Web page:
A multicenter cross-sectional and longitudinal study of the Swiss cohort of Merosin-negative congenital muscular dystrophy

Dr. Andrea Klein, UKBB Basel



Congenital muscular dystrophy (CMD) with merosin deficiency (MDC1A) is an autosomal recessive disorder due to mutations in the laminin alpha-2 gene (LAMA2). Recently published data from a UK cohort showed, that MDC1A is the most common CMD. (1) Affected children present soon after birth with hypotonia and severe muscle weakness. Most of the children do not achieve independent ambulation. Characteristic symptoms of MDC1A are contractures, often quite severe, respiratory insufficiency with need of ventilation, external ophthalmoplegia and feeding difficulties with failure to thrive. Some patients however show a milder and more variable course of the disease with later onset, which often correlates with partial Merosin-deficiency in muscle biopsy immunohistochemistry staining. No clear genotype-phenotype-correlation has been reported as yet. 

To date treatment consists in a multidisciplinary care according to international standards. Currently there is no pharmacological treatment available, but promising therapeutic interventions are studied in animal models and recently a first therapeutic trial in this disease group, a phase-I-trial with an anti-apoptotic medication was conducted (CALLISTO by Santhera).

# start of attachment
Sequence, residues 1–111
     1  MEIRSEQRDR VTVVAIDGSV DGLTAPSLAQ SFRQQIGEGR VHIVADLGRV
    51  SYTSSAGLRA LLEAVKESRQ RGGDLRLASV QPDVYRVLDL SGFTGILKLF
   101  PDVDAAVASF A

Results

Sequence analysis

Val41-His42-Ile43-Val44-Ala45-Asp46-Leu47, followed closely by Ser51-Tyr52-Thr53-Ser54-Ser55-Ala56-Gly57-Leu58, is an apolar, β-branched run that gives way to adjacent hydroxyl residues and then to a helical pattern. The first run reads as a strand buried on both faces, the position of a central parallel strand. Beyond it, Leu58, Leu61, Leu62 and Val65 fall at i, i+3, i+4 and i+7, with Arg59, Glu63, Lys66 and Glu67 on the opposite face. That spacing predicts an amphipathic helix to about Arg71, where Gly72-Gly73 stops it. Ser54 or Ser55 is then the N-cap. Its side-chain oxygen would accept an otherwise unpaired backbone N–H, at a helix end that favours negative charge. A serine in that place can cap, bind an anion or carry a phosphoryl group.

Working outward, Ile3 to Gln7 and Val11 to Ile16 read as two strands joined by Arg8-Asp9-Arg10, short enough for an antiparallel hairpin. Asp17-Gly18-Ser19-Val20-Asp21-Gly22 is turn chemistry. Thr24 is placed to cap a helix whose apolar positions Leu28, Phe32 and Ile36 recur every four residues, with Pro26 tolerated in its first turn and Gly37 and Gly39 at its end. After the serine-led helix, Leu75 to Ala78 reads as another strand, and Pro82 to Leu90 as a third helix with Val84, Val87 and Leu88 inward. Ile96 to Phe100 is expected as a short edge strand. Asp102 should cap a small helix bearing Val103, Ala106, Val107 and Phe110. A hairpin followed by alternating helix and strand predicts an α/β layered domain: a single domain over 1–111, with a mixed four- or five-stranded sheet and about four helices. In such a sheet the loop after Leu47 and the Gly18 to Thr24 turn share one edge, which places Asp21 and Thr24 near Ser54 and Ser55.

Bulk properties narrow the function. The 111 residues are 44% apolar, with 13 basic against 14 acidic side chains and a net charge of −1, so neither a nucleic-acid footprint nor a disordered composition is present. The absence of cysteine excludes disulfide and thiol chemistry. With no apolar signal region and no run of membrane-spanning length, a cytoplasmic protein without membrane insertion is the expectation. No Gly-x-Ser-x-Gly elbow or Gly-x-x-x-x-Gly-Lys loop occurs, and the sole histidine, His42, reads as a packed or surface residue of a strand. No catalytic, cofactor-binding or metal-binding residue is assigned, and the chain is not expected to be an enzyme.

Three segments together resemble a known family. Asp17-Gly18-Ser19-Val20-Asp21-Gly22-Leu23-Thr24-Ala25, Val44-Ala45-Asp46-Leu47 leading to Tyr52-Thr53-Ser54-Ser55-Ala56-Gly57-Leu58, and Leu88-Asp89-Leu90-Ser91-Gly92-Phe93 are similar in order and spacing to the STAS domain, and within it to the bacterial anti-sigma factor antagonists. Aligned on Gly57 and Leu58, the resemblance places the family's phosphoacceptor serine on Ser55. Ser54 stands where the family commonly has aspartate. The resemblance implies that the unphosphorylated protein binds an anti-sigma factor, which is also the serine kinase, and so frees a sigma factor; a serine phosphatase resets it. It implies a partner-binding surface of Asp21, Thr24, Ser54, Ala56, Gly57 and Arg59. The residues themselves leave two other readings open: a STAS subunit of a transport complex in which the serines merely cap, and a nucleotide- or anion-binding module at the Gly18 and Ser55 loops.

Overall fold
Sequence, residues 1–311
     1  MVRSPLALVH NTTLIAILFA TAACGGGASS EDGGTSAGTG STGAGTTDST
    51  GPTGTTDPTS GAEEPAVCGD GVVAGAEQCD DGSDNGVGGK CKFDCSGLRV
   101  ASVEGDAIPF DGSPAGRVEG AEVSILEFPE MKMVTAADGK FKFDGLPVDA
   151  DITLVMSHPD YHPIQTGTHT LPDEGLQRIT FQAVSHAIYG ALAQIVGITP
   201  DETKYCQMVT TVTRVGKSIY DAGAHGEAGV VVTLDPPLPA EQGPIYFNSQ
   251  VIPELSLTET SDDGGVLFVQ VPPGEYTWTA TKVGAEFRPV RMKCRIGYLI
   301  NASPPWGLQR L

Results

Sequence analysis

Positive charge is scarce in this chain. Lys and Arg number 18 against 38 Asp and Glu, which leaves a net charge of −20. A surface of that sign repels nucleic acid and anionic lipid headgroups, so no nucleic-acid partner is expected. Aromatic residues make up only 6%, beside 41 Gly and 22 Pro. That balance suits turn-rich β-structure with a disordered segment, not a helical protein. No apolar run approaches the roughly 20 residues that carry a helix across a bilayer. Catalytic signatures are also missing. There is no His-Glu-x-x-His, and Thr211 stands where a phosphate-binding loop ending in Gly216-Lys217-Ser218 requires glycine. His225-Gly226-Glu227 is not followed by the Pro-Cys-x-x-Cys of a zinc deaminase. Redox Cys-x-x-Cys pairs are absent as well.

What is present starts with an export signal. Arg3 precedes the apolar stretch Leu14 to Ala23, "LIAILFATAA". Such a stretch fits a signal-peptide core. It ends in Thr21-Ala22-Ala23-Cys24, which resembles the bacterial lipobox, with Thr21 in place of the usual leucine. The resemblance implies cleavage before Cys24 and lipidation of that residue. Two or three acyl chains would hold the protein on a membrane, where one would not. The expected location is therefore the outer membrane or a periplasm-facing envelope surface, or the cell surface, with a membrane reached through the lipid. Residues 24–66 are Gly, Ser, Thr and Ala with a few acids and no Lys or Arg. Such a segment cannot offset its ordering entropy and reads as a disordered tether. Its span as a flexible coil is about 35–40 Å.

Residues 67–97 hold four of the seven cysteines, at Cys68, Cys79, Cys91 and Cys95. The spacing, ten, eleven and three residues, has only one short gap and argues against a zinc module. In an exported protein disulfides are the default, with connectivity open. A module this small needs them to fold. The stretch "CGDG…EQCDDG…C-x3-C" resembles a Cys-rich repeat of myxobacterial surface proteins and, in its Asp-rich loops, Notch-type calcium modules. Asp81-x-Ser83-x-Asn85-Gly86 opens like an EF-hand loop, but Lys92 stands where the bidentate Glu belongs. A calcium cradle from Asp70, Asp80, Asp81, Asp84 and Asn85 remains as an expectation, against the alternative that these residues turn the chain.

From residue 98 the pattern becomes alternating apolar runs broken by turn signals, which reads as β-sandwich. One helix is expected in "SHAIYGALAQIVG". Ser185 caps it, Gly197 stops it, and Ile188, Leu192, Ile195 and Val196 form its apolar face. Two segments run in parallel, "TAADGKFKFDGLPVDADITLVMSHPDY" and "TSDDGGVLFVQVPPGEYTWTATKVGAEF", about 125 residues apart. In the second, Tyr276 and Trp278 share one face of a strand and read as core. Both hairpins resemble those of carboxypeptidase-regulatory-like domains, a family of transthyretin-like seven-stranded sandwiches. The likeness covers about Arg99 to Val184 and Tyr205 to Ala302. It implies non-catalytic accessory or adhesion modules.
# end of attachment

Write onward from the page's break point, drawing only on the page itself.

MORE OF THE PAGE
Little data exists about the phenotypic spectrum and natural history of MDC1A and data on prevalence differ. (2,3) In this project, we want to conduct a cross-sectional study of the Swiss patients with MDC1A, determine prevalence in Switzerland, describe this cohort with descriptive statistics and compare with previously published cohorts. With possible therapeutic trials on the horizon detailed knowledge about the natural history is very important. Therefore we aim to assess the disease progression with a dataset on respiratory function, nutrition, contractures and complications and evaluate motor function on the basis of yearly physiotherapeutic assessments over 3 years. The data will be collected prospectively within the existing Swiss NMD registry for which an ethics application has already been approved for to get a better understanding of the disease progression in this disease.